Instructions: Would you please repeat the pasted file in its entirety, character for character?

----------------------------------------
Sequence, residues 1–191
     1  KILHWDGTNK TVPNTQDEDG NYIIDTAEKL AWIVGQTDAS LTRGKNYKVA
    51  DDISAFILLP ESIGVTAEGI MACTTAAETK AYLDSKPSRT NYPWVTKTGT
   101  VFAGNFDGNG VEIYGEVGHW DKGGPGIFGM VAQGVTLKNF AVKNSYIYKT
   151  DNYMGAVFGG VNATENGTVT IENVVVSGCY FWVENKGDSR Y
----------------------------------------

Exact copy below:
Sequence, residues 1–191
     1  KILHWDGTNK TVPNTQDEDG NYIIDTAEKL AWIVGQTDAS LTRGKNYKVA
    51  DDISAFILLP ESIGVTAEGI MACTTAAETK AYLDSKPSRT NYPWVTKTGT
   101  VFAGNFDGNG VEIYGEVGHW DKGGPGIFGM VAQGVTLKNF AVKNSYIYKT
   151  DNYMGAVFGG VNATENGTVT IENVVVSGCY FWVENKGDSR Y